Become the kind of person who fails
In April, I stepped down from a job I’d held for just shy of two years.
Out of respect for the many good people who work there, I’m not publicly discussing the reasons I left. That’s not the point of this post.
Instead, today will be about how we talk—and don’t talk—about failure.
What we communicate when we don’t talk about failure.
I’d been hired into that job to accomplish a few things—exciting things, hard things, things I couldn’t wait to sink my teeth into. I took the post believing I could engage in consequential work, in a field I love, with people who themselves were up to their elbows in world-changing activities.
Twenty-two months later, I boarded a westbound plane and left the job behind.
When I talk about these last two years to my friends, I often use the word failure. “I failed to accomplish things I wanted. Heck, I couldn’t even work out the entire length of my contract,” I’ll say.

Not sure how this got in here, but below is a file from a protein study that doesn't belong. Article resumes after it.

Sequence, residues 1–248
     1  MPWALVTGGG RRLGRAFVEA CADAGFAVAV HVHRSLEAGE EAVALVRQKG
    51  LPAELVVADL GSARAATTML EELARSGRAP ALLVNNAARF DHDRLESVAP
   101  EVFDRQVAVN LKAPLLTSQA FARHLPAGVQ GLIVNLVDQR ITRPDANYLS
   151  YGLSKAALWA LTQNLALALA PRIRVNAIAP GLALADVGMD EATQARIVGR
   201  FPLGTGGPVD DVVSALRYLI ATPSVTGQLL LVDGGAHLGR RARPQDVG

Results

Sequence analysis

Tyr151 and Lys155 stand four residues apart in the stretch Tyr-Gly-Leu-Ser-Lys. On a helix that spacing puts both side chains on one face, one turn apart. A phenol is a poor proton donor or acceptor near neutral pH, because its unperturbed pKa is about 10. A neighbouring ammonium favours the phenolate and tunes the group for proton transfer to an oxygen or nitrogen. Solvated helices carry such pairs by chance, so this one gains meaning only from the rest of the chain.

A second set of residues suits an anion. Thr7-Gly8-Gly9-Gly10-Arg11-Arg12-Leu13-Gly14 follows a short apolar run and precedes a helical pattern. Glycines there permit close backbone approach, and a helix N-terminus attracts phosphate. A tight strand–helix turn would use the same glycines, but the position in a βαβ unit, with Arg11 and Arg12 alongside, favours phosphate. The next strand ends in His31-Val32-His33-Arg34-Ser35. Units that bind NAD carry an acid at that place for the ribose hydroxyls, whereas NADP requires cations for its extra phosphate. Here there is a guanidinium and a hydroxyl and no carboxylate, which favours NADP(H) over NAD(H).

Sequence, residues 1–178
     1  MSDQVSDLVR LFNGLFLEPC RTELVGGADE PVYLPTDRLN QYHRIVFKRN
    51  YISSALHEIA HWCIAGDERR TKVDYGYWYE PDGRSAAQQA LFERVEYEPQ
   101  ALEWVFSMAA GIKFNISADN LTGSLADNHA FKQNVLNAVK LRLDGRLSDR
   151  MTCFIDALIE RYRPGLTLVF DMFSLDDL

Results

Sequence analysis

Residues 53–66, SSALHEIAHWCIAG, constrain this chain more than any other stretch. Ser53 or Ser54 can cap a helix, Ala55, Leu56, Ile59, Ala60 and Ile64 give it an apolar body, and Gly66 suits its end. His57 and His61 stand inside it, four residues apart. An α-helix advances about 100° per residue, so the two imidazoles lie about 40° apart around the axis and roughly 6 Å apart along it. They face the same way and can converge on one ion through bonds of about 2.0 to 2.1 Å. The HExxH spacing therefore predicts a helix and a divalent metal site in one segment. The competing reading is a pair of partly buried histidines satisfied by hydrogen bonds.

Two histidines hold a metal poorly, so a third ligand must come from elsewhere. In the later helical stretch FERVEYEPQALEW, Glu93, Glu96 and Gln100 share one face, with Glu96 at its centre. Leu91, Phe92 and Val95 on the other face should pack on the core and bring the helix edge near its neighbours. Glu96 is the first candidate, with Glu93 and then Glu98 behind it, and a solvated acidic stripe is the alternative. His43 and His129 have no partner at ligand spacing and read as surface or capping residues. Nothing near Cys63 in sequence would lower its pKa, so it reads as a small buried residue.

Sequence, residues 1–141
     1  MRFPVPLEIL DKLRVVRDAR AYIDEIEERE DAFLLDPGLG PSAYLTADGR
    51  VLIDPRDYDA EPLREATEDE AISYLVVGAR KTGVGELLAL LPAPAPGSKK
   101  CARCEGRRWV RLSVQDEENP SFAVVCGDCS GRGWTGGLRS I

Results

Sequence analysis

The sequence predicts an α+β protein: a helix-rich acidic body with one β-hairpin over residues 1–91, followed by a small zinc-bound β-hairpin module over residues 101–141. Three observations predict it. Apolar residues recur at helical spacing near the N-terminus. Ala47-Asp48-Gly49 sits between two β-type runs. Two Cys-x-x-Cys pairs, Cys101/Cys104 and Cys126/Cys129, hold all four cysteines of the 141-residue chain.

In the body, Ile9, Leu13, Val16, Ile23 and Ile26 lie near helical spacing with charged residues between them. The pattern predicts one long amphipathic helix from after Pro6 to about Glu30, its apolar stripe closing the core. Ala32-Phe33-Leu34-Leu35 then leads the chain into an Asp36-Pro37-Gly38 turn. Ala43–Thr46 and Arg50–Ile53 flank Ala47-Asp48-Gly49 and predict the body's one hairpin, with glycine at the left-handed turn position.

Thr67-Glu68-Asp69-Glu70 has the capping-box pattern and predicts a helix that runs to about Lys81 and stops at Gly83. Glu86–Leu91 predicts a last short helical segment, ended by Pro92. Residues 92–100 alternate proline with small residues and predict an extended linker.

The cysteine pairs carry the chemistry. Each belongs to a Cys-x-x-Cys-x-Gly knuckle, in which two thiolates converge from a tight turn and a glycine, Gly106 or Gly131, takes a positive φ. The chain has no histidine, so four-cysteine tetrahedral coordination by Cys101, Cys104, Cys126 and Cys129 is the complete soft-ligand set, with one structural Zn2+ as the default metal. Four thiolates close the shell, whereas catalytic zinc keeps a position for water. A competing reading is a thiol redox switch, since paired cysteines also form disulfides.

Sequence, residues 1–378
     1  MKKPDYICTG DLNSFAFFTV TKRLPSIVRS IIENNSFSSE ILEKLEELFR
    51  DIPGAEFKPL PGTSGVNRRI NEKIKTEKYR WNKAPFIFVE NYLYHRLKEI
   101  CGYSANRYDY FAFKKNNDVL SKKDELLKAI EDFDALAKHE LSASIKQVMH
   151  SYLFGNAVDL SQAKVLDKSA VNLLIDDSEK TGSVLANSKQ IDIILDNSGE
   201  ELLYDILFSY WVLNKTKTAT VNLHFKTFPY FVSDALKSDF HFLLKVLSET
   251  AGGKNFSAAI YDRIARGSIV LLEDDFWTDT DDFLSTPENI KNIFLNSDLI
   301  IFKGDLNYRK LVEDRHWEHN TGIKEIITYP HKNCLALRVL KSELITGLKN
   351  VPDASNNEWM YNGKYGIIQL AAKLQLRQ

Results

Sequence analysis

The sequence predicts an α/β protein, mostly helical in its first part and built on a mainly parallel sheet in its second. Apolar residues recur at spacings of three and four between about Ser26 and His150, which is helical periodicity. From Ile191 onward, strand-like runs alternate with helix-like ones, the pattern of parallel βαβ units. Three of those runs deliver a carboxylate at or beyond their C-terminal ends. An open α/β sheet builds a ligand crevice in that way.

Invariably, they bristle. “Wait, wait, wait,” they’ll retort, “the whole thing was an unwinnable situation from Day 1.”
Or they’ll try a softer tack: “Sometimes things just don’t work out, and that’s ok”
Or they’ll point the finger at Covid: “Going to a new country, for a new job, in the middle of a pandemic is an insanely difficult task.”
No one has yet to agree with me. No one says, “Yup, you’re right. You failed.”
And that—that aversion to, that dread for the word failure—that says a lot.
How I became an expert at sucking
If you’ve read my book, you know that I’ve spent a few years competing on American Ninja Warrior. (Side note: the nerdy, shy, sixth-grader that still lives inside me remains shocked at that).
My decision to try out for ninja warrior came in the way that all bad decisions do—after midnight, while watching YouTube videos.
A rock climber for six years by that point, I watched as climber after climber made a meal of…